Bronze exhibition at Royal Academy shows its mettle

Trundholm sun chariot, Image Source: Wikimedia Commons

In the Royal Academy’s big autumn show simply called Bronze, 150 of the finest bronze works from Africa, Asia and Europe will come to London for a groundbreaking exhibition.

Powered by article titled “Bronze exhibition at Royal Academy shows its mettle” was written by Mark Brown, arts correspondent, for The Guardian on Monday 25th June 2012 16.12 UTC

It was seeing a picture of the Chimera of Arezzo – the mythological lion and goat creature with a serpent’s tail – on the spine of a book that first got the six-year-old David Ekserdjian excited about bronze. The scholar and curator’s interest eventually resulted in what will be a landmark exhibition bringing together 150 works which span some 6,000 years.

In the Royal Academy’s big autumn show simply called Bronze, 150 of the finest bronze works from Africa, Asia and Europe will come to London for a groundbreaking exhibition.

“In terms of intellectual thrill the prospect is entrancing,” said Ekserdjian, professor of art history at Leicester university and a former editor of Apollo magazine. “There is nobody in the world who has seen all of these things in the show.”

Ekserdjian, who has curated the show with the Royal Academy’s Cecilia Treves, brought with him the book that inspired him as a child: CW Ceram’s popular history of archaeology, Gods, Graves and Scholars, originally published in 1949, featuring the Etruscan Chimera of Arezzo spread over its front, side and back. The spectacular bronze dated at around 400BC – which will be included the show – depicts a lion with a serpent’s tail and a second goat’s head sprouting out of the lion’s body. “I wondered what the hell was going on,” he said. “I remember being gripped by it.”

The exhibition will show that bronze is “truly a global art form and there are amazingly great things which have been done all over the world across time”.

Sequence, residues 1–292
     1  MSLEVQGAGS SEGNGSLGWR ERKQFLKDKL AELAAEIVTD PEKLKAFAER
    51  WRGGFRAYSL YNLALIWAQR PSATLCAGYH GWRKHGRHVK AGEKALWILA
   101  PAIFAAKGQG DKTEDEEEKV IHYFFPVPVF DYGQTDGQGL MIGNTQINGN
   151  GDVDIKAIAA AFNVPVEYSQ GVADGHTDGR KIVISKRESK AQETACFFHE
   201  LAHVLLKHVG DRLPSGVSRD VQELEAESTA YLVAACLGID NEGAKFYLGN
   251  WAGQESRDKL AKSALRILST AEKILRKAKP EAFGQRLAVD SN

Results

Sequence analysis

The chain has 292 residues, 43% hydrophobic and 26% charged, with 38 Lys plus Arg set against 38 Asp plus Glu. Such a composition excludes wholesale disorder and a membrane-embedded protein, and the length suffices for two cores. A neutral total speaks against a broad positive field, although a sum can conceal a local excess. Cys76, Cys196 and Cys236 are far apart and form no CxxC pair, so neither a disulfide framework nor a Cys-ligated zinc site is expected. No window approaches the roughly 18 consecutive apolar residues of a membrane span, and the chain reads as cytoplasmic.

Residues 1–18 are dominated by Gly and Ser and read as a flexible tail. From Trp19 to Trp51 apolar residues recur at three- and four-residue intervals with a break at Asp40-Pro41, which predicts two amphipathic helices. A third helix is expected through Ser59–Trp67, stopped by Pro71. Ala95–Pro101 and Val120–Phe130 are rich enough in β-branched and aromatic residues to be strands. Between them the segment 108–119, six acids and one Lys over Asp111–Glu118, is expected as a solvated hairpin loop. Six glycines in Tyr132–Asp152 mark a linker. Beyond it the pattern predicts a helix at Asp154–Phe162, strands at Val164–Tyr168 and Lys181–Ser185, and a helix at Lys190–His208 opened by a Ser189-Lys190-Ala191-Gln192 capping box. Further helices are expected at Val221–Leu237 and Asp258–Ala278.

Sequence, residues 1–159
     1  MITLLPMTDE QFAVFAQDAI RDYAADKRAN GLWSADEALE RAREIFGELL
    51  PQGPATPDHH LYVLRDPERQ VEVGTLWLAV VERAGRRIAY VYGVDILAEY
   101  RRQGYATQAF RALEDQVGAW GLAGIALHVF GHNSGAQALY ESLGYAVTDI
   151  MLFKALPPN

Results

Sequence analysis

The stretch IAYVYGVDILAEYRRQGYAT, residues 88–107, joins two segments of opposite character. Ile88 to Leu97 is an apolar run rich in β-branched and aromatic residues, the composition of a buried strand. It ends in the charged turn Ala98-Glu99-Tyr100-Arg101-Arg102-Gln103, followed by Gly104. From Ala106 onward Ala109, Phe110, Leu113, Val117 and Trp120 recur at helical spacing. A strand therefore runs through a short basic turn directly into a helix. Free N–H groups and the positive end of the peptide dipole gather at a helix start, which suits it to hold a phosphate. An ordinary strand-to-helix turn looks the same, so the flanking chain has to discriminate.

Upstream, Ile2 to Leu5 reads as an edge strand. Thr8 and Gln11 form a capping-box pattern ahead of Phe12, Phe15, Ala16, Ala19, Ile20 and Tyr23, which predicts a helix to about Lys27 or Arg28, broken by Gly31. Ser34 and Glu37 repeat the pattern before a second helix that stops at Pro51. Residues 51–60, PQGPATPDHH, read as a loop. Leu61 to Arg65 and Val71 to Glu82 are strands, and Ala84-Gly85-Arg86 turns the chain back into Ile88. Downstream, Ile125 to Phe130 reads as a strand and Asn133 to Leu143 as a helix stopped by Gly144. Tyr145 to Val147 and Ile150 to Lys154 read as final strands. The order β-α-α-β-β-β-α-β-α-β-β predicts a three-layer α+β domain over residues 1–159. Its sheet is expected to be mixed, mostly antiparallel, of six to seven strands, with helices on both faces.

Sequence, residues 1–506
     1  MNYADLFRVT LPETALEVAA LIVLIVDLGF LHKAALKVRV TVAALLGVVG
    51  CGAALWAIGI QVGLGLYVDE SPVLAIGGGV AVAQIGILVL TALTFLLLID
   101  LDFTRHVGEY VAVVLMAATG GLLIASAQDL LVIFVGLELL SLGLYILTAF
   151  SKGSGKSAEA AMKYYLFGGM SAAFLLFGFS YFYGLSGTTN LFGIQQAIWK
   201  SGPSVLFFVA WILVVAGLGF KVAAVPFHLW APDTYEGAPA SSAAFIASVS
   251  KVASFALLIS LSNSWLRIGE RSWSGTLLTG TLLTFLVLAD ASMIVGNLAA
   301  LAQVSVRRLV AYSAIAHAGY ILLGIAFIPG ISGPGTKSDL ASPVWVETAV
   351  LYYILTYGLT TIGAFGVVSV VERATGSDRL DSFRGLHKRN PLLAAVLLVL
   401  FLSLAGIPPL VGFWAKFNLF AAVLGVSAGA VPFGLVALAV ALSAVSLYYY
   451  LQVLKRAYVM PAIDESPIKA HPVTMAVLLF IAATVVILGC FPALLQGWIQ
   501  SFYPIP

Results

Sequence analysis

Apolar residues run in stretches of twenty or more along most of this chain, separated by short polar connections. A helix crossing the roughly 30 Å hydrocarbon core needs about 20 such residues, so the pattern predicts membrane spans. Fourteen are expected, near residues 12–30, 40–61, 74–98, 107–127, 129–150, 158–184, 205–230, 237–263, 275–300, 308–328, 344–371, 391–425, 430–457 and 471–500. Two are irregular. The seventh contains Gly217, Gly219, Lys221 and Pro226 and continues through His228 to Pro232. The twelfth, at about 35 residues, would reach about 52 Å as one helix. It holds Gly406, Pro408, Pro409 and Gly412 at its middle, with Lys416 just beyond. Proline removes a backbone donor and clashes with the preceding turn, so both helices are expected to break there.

The Royal Academy has managed to persuade institutions to lend some of their most highly regarded treasures, many leaving their native countries for the first time. The Nordic Trundholm sun chariot, which ranks, said Ekserdjian, as Denmark’s biggest national treasure, will be lent by the National Museum in Copenhagen.

Among the exhibition there will be remarkable works which have only recently been found, not least the severed head of King Seuthes III – dating from the early Hellenistic period – which was only discovered in a tomb in central Bulgaria eight years ago. “It is an outstanding work of art,” said Ekserdjian.

European Renaissance bronzes will also feature including, from Florence, Giovanni Francesco Rustici’s ensemble of St John the Baptist preaching to a Levite and a Pharisee from Florence. Ekserdjian said there would also be outstanding works from Asian and African countries including Cambodia and Nigeria. Almost half the 150 works in the show will be non-European.

He also promised that “not everything in the show is crunchingly, painfully serious – there are things which are fun as well”. Such a category might include a bronze sculpture by Jasper Johns of two Ballantine beer cans.

Other more comparatively modern works will include Rodin’s The Age of Bronze, lent by the Victoria and Albert Museum, Brancusi’s Danaide from Tate Modern and Picasso’s Baboon and Young from the Minneapolis Institute of Arts on which you can, by looking closely, see the toy cars that the artist “borrowed” from his son Claude.

The Royal Academy’s exhibitions director Kathleen Soriano said the show would explore the beauty and technique involved in the making of bronzes, and while the timing may be tempting fate, she said that in an Olympic year “it feels only right and faintly British that we should celebrate bronze”. © Guardian News & Media Limited 2010

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